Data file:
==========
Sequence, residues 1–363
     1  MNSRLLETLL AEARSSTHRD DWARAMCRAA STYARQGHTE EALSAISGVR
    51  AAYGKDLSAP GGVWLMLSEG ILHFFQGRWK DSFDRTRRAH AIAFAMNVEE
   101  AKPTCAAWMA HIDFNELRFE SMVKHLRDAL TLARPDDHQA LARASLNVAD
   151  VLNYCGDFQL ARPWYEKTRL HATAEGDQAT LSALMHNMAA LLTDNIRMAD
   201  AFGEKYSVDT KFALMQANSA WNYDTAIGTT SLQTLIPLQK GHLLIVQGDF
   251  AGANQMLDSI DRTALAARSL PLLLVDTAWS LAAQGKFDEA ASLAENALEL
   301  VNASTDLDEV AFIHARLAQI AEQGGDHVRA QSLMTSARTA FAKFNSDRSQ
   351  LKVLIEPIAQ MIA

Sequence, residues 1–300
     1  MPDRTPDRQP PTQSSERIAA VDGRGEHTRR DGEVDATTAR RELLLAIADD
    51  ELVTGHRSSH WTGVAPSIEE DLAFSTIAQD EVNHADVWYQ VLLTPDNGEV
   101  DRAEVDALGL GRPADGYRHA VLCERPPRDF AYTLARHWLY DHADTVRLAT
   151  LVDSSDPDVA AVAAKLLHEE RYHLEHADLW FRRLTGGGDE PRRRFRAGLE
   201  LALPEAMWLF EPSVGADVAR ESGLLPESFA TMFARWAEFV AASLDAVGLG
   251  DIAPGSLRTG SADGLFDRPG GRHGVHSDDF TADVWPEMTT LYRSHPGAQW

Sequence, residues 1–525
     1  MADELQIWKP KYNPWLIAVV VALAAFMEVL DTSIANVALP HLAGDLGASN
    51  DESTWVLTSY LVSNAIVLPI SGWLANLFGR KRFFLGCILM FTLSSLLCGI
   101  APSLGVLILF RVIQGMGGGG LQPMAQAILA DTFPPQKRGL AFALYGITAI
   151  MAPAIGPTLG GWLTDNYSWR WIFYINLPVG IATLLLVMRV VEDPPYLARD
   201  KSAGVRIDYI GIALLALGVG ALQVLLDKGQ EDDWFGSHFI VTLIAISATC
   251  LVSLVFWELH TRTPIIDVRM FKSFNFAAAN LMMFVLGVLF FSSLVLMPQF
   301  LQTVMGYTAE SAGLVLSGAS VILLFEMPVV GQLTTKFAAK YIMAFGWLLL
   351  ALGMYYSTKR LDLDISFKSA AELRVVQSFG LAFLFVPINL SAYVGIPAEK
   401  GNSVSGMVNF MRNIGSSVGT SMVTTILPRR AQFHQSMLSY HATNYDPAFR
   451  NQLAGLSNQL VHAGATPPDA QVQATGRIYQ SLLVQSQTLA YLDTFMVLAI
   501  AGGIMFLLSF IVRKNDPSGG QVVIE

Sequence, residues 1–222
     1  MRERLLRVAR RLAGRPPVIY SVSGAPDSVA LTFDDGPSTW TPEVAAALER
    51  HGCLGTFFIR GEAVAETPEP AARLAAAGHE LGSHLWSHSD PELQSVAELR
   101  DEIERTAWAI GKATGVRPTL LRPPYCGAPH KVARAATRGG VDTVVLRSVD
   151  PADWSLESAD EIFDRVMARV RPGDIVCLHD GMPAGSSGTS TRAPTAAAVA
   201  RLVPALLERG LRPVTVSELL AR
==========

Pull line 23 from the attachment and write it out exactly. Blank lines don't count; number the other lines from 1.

   251  LVSLVFWELH TRTPIIDVRM FKSFNFAAAN LMMFVLGVLF FSSLVLMPQF